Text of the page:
This was one of those ideas I wanted to write to get it out of my head but wasn't enthralled enough with it to give it the full treatment. I made a conscience decision to stop worrying about things and just do it! I will start posting more and not worry about being Scras. ;)
I have a thing for magical plants, so this is cool. I could easily see these fitting in the myriad defences of the Unseen Fortress, and with your permission, would like to add it into that submission.
Update: Forgot to add Strolenati Guild to my freetext. It is NOT cheating damnit!
I rather like this one -- it's a simple idea, with potentially profound consequences for a game world. A few points that could use clarification:
1. Is the Tracker bush inherently magical, or does it only retain magic energies once it has been used by a spellcaster? If so, how long does it take for those magics to fade entirely?
2. What are the mechanics for using the bush? I understand that you have to touch the bush to set the spell up, but after that how close do you have to be to gain information from it? Does the spellcaster have to touch the bush again, or can he just be standing on top of the root system? Can this be done at an even greater distance?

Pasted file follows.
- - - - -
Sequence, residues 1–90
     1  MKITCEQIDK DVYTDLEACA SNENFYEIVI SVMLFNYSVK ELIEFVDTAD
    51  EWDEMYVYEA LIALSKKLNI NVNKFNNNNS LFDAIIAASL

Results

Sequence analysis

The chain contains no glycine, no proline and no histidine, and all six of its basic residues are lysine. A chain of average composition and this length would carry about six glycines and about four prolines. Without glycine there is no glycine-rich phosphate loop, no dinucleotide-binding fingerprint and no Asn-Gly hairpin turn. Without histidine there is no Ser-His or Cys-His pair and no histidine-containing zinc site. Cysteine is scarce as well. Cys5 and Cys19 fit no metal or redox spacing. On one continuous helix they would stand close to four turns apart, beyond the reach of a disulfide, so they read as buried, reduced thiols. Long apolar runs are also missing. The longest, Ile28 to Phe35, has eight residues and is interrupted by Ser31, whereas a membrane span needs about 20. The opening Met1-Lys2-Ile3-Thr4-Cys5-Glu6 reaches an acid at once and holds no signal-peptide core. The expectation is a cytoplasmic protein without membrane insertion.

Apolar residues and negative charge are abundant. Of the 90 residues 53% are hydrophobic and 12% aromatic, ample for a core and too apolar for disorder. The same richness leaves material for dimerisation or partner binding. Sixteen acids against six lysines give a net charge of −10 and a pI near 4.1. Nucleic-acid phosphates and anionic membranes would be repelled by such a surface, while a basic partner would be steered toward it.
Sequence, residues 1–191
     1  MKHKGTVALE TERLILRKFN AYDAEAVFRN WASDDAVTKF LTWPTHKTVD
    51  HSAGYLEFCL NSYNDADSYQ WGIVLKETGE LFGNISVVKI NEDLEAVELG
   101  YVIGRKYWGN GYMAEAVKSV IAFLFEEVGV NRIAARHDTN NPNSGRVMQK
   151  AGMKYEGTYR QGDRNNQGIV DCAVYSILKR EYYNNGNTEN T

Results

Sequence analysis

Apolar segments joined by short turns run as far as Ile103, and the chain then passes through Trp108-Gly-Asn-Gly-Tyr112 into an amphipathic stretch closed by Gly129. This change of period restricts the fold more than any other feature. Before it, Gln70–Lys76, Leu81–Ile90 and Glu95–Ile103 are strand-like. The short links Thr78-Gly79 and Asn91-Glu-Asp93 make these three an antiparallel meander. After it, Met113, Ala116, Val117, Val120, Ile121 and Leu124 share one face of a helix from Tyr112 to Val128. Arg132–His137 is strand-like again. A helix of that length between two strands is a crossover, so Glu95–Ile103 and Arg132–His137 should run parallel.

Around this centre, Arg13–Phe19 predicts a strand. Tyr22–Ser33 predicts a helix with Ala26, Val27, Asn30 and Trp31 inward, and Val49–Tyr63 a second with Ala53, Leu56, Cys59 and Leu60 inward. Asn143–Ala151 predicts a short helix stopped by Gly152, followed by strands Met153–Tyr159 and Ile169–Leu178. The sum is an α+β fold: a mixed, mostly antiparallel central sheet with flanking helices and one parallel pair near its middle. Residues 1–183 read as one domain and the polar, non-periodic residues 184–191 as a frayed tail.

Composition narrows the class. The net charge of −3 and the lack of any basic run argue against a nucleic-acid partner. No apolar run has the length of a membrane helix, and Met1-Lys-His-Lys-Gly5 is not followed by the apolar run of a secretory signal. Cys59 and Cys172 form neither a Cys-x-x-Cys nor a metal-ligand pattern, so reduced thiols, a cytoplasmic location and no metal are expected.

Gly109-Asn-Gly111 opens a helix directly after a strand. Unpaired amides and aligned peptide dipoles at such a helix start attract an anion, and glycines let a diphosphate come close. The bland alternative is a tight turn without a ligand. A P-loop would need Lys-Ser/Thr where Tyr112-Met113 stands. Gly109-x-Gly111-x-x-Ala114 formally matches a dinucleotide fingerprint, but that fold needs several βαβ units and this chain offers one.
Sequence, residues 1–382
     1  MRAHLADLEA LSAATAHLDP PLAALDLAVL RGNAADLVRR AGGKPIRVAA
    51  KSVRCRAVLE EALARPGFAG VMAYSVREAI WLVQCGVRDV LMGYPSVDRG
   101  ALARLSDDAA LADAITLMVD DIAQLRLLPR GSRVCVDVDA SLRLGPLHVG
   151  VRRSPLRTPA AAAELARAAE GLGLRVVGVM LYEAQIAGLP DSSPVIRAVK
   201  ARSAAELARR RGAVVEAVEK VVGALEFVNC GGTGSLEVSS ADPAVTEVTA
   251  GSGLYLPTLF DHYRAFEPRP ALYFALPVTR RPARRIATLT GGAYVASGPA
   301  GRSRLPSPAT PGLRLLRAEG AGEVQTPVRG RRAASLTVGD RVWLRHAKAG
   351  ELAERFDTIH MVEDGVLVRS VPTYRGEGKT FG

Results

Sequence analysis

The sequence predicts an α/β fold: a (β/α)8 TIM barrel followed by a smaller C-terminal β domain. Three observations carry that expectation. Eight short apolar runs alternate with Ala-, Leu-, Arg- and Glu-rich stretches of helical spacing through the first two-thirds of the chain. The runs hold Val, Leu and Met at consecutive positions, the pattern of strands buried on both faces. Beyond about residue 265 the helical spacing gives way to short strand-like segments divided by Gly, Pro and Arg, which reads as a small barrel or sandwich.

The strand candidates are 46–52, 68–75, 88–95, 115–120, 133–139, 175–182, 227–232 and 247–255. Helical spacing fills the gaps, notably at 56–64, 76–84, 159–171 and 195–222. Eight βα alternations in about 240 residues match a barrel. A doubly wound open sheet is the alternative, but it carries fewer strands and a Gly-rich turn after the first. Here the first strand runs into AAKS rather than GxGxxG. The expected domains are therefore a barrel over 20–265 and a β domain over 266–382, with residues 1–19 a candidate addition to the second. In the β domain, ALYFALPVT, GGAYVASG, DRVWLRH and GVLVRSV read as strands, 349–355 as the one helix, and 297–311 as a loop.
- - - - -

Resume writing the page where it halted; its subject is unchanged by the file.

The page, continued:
3. If the bushes spread via root systems, and it is possible to extract part of the living root, I don't understand why it would be so hard to cultivate these things. Even more puzzling -- if the plant spreads via its roots, how can it possibly maintain a distance from others of its kind? Seems to me they'd have to overlap at least some.
Let me say again, I really like this idea and I would love to see it expanded on a little more. A natural pressure plate is just a really cool image!
Those are outstanding questions that I have no intention of answering. ;)
1) No magic inherent in the bush. Given to it by those that use it.
2) You have to touch the bush and only the bush. Roots are useless as they are only small branches whereas the bush is the central nervous system so to speak.
3) There are empty spots between the bushes. (good plot point I didn't think of earlier) Those that understand the bushes and know the pattern of the roots in that area can use the dead zone between the bush's roots to move unnoticed. Not sure that you couldn't replant. Didn't think of that part, interesting.
It maintains a distance just cause. I was of the thinking that the roots are so invasive that there wouldn't be room for another to overlap so they avoid each other after a root probe identifies another plant. They would react somehow with each other and just naturally not grow any more in that direction.